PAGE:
Meet our members: Bikepacker Joe McGill

Joe’s idea for the shop came from a cycling expedition
Dave Barter's picture

Meet our members: Bikepacker Joe McGill

Teenage bikepacker Joe set up his own online cycling shop during the pandemic. Dave Barter tells his story

We’ve heard many stories of positive action taken during the pandemic – elderly fundraisers, community-spirited actions, and new challenges attacked and completed. But have you heard the one about an entrepreneurial young lad with Asperger’s syndrome who set up his own shop in a quest to fill a gap in the online cycling marketplace?

Joe’s bikepacking shop is the result of a cycling expedition. The 17-year-old owner and Cycling UK member, Joe McGill, was given a set of toothpaste tablets by a friend to take on a trip. “I thought they were brilliant”, he says. “Everyone’s taking dried food but nobody thinks to take dried toothpaste. I thought to myself: I can sell these”. 

Joe and his mother Bridget are accomplished bikepackers, no strangers to long rides in the British wilds and further afield such as Spain, France and the USA. These trips fuelled Joe with ideas for product lines that would complement his investment in dried toothpaste. A loan from the bank of Mum allowed him to buy 10,000 units. Joe’s bikepacking shop, Weirdos on Bikes, was born.

A few sleepless nights ensued as Joe and Bridget contemplated the risk they had taken. “What happens if we can’t sell any of them?” she worried. But Joe had an idea: he created ‘bundles’, packaging up his toothpaste with a brush, a tablet holder, and a lightweight deodorant product they’d used on their trips.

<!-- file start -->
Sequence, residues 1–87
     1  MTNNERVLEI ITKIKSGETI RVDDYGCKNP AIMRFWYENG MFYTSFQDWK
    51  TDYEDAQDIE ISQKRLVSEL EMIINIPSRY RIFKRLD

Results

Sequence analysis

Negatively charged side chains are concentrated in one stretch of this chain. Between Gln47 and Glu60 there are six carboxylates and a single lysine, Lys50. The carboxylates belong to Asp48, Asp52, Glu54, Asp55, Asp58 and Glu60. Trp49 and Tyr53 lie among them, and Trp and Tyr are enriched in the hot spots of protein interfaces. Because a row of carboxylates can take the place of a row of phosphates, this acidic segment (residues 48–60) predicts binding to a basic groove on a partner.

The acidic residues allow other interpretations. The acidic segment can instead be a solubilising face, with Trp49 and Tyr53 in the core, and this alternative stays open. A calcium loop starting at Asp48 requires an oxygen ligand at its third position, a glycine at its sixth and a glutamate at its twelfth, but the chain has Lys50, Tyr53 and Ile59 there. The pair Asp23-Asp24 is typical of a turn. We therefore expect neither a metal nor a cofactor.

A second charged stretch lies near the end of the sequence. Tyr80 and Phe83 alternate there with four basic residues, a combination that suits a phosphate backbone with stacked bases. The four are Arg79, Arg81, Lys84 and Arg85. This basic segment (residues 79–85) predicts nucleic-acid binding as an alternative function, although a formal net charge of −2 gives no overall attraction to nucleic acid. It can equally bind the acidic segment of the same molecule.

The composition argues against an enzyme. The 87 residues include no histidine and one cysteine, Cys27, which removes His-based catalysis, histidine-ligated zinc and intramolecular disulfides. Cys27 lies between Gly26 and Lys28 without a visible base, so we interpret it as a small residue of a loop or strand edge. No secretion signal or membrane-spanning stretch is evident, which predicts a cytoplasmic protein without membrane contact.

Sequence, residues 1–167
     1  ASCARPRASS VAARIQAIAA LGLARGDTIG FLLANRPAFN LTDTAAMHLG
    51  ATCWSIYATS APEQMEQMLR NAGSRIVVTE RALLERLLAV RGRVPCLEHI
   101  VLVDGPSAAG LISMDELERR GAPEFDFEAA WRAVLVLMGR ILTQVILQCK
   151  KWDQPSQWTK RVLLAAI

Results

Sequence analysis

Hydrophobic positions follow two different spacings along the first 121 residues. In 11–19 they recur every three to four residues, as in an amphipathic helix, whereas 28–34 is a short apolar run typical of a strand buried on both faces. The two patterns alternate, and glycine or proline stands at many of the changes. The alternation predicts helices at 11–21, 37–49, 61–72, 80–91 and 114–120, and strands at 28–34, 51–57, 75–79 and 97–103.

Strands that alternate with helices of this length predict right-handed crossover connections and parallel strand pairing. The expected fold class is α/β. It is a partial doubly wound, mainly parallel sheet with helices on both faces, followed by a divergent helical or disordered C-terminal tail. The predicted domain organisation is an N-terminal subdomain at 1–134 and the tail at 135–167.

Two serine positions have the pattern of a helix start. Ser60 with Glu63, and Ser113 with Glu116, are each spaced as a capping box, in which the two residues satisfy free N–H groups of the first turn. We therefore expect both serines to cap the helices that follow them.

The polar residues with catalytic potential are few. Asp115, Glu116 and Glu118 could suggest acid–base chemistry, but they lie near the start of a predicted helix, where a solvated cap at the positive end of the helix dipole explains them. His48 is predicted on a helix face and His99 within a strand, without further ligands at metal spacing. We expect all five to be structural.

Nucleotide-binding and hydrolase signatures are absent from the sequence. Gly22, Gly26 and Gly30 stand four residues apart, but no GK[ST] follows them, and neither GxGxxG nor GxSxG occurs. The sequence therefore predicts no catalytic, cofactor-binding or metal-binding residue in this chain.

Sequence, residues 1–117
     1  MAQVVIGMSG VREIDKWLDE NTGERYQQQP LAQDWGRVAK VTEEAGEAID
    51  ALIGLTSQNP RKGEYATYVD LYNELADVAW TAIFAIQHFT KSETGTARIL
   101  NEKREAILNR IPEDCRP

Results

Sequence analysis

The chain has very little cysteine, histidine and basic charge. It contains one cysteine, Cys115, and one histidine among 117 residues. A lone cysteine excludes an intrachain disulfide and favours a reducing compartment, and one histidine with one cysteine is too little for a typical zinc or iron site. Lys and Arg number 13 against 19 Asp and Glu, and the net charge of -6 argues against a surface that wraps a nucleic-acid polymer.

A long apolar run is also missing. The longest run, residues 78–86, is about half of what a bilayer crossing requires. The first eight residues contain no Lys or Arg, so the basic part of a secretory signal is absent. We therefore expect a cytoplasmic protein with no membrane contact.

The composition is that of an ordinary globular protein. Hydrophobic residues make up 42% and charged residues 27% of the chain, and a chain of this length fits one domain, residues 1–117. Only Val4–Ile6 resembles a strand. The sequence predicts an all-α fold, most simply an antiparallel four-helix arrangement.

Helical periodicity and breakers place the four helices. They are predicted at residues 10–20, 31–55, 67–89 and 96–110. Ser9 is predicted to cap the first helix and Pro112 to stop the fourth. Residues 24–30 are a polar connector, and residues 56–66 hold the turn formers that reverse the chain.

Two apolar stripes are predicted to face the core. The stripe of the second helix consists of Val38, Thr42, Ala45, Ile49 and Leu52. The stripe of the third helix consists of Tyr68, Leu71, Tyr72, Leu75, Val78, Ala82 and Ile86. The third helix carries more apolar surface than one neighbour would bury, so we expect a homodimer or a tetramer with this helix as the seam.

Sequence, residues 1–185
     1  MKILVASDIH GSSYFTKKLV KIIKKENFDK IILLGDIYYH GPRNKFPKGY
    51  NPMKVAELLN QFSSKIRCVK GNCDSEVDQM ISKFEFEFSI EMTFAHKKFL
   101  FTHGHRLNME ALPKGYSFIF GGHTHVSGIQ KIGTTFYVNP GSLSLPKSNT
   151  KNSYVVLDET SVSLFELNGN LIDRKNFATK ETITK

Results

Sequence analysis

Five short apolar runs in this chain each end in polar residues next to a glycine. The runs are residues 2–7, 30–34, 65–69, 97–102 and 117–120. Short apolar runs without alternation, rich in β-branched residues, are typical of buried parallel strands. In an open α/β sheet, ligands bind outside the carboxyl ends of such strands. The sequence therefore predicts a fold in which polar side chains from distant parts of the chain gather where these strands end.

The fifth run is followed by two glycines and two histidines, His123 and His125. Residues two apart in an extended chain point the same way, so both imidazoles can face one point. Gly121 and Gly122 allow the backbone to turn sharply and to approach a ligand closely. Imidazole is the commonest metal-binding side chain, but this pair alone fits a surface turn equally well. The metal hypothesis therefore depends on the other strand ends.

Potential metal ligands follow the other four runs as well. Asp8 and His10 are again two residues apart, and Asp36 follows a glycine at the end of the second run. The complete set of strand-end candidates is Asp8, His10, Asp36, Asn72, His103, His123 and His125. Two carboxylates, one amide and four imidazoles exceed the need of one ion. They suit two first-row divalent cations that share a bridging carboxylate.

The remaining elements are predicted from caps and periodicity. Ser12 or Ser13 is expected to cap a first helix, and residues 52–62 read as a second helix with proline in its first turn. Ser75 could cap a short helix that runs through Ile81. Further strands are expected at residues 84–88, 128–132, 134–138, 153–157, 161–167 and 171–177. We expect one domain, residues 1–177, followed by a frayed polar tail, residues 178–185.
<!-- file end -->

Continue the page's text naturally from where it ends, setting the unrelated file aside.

Joe quickly taught himself web development, and with Bridget’s help navigated the complexities of setting up online payment, which is especially difficult when account providers will not deal with those under 18. He then set about marketing his site, posting on bikepacking and other cycling forums to drum up business. As a result his mini-empire has begun to expand, thanks to a loyal customer base spreading the word.

The shop now stocks 43 product lines, with more being added all of the time. Joe runs the entire operation, from sourcing new products to packaging each with a handwritten ‘Thank you’. Ethics drive product selection: Joe seeks to buy as close to home as possible and minimise plastic and packaging. Ideally he’d buy everything from Scotland, where his shop is based. But in order to be competitive he’s had to spread his net wider nationally and internationally.

When asked if they are profitable, Bridget confirms that her loan is starting to be paid back. Joe is using his remaining profits to invest further in new lines for the shop. He’s determined to grow his business.

The pandemic and the recent loss of his father meant that Joe needed a focus to help deal with the grief and restrictions. The genesis of his bikepacking shop gave him just that. “I started the shop to earn a bit of money to go towards a deposit for a flat,” he says. “But now it’s evolving”. He’s wondering if he can grow it to the stature of some of the better known online retailers. The ambition is certainly there.

Joe and Bridget are a close-knit team. The shop is the result of an incredibly supportive relationship that’s emerged from a terrible set of circumstances. We’ve always known that bikes are one of the greatest tonics for mental health. Joe’s set to add bike shops to that list.



Joe with some of the items his online shop sells

Joe’s shop

Joe sells a wide range of products focused upon bikepacking, from toothpaste tablets to lightweight shelters and emergency derailleur hangers. At the moment shipping is to the United Kingdom only, and costs just 99p no matter how many items you buy.

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